Meaning for marketers: While big tech has been “proactive” on privacy changes, Washington is going to want to take the initiative. We could see bipartisan progress on stricter privacy rules with tech stocks already being taken to the cleaners, weakening their political strength. As more data goes private, marketers would be wise to look for solutions (beyond social) that are privacy-safe and deliver proven ROI.
At least one major brand is going to shift the majority of their local and/or scatter TV ad buy to targeted streaming. Pressured by a shaky economy, somebody’s going to make the leap and try something dramatic so that will inevitably catch headlines, drive ROI, and maybe even win some awards. So while dollars may shift, this will be a win for the already innovative media players who can see where the puck is going, and are making the investments to enhance the streaming platforms we all know and love.
Meaning for marketers: Next-gen marketing comes of age in 2023. Marketers are gauging in real time what’s working. Marketers are watching performance vs. attention vs. audience size to find a combination that maximizes spending on advertising dollars. And we’re going to see some killer ad innovation and/or integrations.
We’ve all been there. You’re streaming your favorite sportsball and/or Korean-law drama, and the same ad comes on during every commercial break. Every. Commercial. Break. Maybe you mute the TV, maybe you grip your remote tightly, maybe you sing along to break the tension in your mind (#SerenityNow). None of these reactions is good for getting a message across. An agitated viewer isn’t buying what you’re selling. Someone’s going to finally figure this out. Our money’s on some of the best technologists or top creatives in the (streaming) content business.
Meaning for marketers: It’s kind of amazing this is still a problem. We know smart people (perhaps Innovid and Trade Desk?) are going to help figure this problem out — especially as more mainstream TV ad dollars flow to streaming. The implication for marketers is better value. Every one of those repeated ads was (unknowingly) paid for by a brand. In most cases, it was money that could have been better spent elsewhere — especially in a climate of increased financial pressure to everyone’s bottom line. An improvement in ad delivery will only make streaming ads more effective and increase marketing ROI. We’d repeat that line for emphasis, but you get the point.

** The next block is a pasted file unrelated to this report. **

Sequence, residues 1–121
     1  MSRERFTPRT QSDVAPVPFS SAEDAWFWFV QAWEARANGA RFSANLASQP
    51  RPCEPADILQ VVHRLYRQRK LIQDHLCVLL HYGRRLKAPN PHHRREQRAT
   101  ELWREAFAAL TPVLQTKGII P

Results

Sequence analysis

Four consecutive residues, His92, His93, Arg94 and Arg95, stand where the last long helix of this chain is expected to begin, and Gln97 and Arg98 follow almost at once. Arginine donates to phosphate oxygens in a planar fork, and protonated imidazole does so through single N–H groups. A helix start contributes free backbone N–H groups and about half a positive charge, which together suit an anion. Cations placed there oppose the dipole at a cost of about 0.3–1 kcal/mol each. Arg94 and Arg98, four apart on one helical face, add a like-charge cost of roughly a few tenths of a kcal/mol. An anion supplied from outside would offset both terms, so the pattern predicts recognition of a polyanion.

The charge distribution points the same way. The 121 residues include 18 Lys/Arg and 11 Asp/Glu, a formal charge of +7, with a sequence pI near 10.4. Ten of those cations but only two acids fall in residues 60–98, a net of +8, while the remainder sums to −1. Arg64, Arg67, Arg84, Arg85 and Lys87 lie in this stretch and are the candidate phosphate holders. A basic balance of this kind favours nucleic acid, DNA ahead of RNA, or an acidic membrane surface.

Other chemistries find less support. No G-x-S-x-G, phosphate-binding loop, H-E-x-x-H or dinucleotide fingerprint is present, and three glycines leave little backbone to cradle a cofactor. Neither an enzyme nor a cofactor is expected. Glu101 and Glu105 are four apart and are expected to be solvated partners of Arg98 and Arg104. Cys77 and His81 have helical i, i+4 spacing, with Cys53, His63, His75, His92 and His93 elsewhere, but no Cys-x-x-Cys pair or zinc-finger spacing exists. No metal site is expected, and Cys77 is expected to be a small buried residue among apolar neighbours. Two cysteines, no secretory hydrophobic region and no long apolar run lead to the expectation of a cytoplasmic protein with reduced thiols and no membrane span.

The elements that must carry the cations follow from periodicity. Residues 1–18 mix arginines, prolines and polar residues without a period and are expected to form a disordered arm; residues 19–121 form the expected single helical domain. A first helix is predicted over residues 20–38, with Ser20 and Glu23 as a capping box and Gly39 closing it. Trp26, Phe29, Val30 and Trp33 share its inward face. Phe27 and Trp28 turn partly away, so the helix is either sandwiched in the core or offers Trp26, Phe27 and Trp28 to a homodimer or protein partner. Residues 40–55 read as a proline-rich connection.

Media owners and an increasingly competitive field may be spending millions of dollars coming after the king, but Nielsen’s pole position is more resilient than many think. Let’s face it — nobody needs another Nielsen in their lives. The noise about alternative currencies has been just that: noise. But real innovation IS happening — as an enhancement to ratings, which will remain an integral part of marketers’ measurement suite. The question is not if, it’s how — and which brands will reap the rewards of knowing what works.
Meaning for marketers: TV analytics are complicated. In a TV marketing world where everybody is questioning everything, Nielsen will show that its substance still matters… Marketers should be skeptical of anyone hogging the attention, and claiming to have one metric to rule them all. Marketers need to be savvier. How many eyeballs are they reaching, and what measurable effect will that reach have on the bottom line? Efficiency or efficacy? It’s an ‘AND’, not an ‘OR’. Reach matters. But so does impact and outcomes.
Despite a challenging 2023 ahead, this will be a year where the industry has to dive deeper into the numbers. Modern marketers will have to make every dollar count in a year of rising costs beyond our respective budgets.
Whether you’re a buyer or seller of TV advertising, all the new solutions may seem daunting. But we know this: brands can no longer just buy hit shows with big ratings. They’ll need better, faster, and more predictive solutions to know what works.
And maybe, just maybe, if we can finally end the repeating streaming ads and the repeating streaming ads, 2023 can be a win for everybody.